By Monica Alonzo
By Stephen Lemons
By Jason P. Woodbury
By Dulce Paloma Baltazar Pedraza
By Ray Stern
By Pete Kotz
By Monica Alonzo
By New Times
Sebenik often goes beyond the classroom to help her students. One of them was Loi Nguyen, who had been in the country for only a few years when he attended her sixth-grade class.
"He was strong, sweet and very caring," Sebenik says.
But she quickly recognized something wasn't right with Loi.
"His mother didn't understand what was going on with him," Sebenik says. "She'd say, 'I tell Loi to do this or do that, and he doesn't do it, or doesn't do it right.' He was a learning-disabled boy."
Loi's first teacher at Mountain View was Donna Hicks, who chronicled the challenges that the boy presented in a textbook by Sarah Huyvaert titled Reports From the Classroom--Cases for Reflection. Hicks contributed a chapter to the book, published in 1994.
"I was asked to write about my most difficult student, and Loi was my clear choice," says Hicks, who now teaches at Lookout Mountain Elementary.
In the chapter, Hicks writes that she had four Vietnamese students in her fifth-grade class, including 10-year-old Loi (whom she dubbed "Vinh" in the book for privacy reasons):
"Vinh was different because he was not even literate in his own language and had practically no education. . . . When he came to my class, Vinh didn't even know how to hold a pencil, open a book, or speak or understand a word of English. It was apparent that he had never before sat at a desk.
"My students are used to new students from other countries and they are always happy to 'Americanize' these students, but they soon saw that Vinh was different. His unpredictable scratching made them uncomfortable. He had no idea of what was appropriate and inappropriate behavior in the classroom--or any public setting."
Hicks said it was too early to tell if Loi was learning disabled, and that she and volunteers provided him extra help during those first difficult months. By the end of fifth grade, she wrote, "He became more culturally aware and was able to get along with other students."
Hicks says she last saw Loi Nguyen a few years ago.
"It took a long time for Loi to be properly diagnosed as learning disabled," she says, "and it only happened because his teachers that came after me such as Mrs. Sebenik were relentless."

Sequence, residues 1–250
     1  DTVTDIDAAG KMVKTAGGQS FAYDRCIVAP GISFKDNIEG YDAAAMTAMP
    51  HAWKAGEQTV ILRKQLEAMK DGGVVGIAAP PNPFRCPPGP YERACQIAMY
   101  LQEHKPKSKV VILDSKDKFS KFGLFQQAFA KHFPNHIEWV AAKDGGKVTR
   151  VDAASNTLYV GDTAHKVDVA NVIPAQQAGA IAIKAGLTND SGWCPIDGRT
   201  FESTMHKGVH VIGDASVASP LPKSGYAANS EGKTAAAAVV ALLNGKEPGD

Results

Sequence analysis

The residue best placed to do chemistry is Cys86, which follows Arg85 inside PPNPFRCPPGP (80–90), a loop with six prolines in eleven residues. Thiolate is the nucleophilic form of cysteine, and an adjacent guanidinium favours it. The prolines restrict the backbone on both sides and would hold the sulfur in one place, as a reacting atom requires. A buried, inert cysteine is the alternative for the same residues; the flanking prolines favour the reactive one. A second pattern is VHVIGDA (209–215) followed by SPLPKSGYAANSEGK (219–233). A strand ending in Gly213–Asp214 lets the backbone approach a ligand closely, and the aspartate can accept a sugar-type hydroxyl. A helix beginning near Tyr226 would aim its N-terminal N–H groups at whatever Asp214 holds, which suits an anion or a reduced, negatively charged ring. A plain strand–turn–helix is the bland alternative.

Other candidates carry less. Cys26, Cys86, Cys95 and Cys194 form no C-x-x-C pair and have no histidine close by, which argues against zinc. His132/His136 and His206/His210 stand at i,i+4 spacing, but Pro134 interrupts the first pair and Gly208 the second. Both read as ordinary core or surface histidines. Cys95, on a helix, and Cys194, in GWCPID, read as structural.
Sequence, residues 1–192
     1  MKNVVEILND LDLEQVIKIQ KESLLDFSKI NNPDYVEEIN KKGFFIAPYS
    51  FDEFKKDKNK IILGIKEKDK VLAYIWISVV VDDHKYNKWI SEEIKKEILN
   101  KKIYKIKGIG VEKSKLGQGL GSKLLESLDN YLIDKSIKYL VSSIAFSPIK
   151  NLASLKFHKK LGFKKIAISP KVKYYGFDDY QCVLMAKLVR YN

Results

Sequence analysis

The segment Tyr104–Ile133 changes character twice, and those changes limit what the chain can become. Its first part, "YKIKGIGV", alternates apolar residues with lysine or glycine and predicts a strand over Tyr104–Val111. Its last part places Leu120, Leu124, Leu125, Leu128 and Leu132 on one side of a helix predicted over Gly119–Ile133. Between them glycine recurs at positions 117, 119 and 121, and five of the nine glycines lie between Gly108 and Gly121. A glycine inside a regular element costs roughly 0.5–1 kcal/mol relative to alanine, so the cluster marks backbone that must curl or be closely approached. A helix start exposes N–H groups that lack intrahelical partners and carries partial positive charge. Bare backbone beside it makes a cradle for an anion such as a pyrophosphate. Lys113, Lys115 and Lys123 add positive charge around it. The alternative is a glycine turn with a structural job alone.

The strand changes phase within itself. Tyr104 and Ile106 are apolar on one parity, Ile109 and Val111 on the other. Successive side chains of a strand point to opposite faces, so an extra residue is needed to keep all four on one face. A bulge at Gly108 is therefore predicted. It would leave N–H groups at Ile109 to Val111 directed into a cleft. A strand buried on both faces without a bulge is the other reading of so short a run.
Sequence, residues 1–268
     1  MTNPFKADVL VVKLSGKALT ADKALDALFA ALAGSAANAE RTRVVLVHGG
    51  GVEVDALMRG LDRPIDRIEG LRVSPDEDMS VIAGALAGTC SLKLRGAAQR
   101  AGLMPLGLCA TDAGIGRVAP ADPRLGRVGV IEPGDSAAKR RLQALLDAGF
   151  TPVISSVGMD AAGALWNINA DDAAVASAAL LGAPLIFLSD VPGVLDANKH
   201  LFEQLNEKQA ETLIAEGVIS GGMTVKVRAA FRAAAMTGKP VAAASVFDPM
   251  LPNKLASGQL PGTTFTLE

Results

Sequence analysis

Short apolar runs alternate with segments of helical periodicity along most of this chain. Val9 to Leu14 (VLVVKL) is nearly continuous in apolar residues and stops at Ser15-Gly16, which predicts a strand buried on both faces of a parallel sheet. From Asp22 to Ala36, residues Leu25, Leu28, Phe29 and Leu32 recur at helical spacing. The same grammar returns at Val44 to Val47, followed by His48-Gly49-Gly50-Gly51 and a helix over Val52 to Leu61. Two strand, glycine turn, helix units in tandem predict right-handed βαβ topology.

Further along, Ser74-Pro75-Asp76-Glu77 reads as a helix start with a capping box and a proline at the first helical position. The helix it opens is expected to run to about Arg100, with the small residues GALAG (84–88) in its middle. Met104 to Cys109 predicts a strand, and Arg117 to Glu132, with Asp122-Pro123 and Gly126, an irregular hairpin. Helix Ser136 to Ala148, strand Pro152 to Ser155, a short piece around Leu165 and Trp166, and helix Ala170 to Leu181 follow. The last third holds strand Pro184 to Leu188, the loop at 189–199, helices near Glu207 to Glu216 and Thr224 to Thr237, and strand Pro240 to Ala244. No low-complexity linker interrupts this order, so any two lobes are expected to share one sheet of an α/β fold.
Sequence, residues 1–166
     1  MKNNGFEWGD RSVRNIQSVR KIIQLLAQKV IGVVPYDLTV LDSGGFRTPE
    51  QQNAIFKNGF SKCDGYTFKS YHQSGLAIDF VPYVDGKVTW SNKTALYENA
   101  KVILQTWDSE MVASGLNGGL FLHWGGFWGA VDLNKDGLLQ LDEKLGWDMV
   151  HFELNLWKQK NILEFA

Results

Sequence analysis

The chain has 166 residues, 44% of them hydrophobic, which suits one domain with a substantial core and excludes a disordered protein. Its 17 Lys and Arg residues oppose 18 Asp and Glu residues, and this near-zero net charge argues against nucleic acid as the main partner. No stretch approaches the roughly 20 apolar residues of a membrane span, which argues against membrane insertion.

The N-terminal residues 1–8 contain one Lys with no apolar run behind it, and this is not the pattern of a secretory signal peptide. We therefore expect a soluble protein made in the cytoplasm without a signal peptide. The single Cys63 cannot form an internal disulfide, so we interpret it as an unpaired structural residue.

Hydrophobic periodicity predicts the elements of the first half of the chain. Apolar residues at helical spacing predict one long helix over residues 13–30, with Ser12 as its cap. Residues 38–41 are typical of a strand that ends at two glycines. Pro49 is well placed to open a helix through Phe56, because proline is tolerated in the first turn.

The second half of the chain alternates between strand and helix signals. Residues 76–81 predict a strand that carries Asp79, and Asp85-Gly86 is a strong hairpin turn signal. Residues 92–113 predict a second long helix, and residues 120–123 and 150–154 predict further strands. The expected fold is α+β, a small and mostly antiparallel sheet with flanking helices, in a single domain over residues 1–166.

Loi's elementary school teachers learned his history from his mother. Miet Tran related a near-drowning incident when Loi was a young boy, and described how Loi was pulled unconscious from a river. American doctors later determined that the near-drowning likely caused permanent brain damage.
"He could appear as if he was doing better than he was because he had the love and support of his family and many of his teachers," Sebenik says. "But the other kids knew. I would sit them down and say, 'Loi was hurt when he was real young, but you can't tell on the outside. Now, we have to find a way to help him learn.'"
Sebenik expressed her fears about Loi in writing as early as May 1995--at the end of his sixth-grade year.
"Loi puts forth great effort to follow through," she wrote to her supervisors, "but has great problems completing assignments. . . . If we don't get Loi the diagnostic help he needs now, he could easily fall thru the cracks next fall [at Royal Palm Middle School]."
Sebenik explains, "Loi had already developed incredible strategies for himself to accommodate. His intuition about what his teachers wanted from him was unreal at times. He usually answered when you speak to him, and always with respect. He never made waves."
Loi was fortunate that Joan Bergdolt was one of his seventh-grade teachers at Royal Palm.
"He seemed like such a happy kid, though he always kept to himself," says Bergdolt, an ESL teacher at Royal Palm since 1984. "I can still see him, riding three on a bicycle with his little brother, Lan, and a friend, somehow keeping their balance."
Bergdolt and other teachers wanted Loi classified as "learning disabled," so he could be placed in special classes.
In January 1996, Royal Palm psychologist Oscar Meehling wrote of Loi: "In his three years in our public-school system, he has made essentially no progress, which is unusual for immigrating Oriental students. His teachers indicate that he is well-motivated, but is quite frustrated in his progress."
Dr. Dale Schultz tested Loi as he neared the end of seventh grade. The doctor referred in his report to the near-drowning incident as an underlying cause of his classroom woes.
Schultz concluded in July 1996 that Loi's language barrier wasn't the prime cause of his learning woes: "He is in the 7th grade of public school, but it is clear that he is learning impaired. . . ."
Before starting eighth grade, Royal PaLm certified Loi as "severe learning disabled, speech and language delayed."
The classification entitled Loi to an Individual Education Plan (IEP), tailored to his special needs. Loi's IEP was crafted by two special-ed teachers, a school psychologist and a speech therapist. Miet Tran attended the late-1996 meetings, aided by a Vietnamese interpreter.
Loi's eighth-grade records show he was performing at a fourth-grade level in math and at a third-grade level in reading and writing. His final report card from Royal Palm in April 1997 indicated he was working "below grade level" in the classes proscribed by his IEP. But his effort in those classes was deemed "satisfactory" or "outstanding."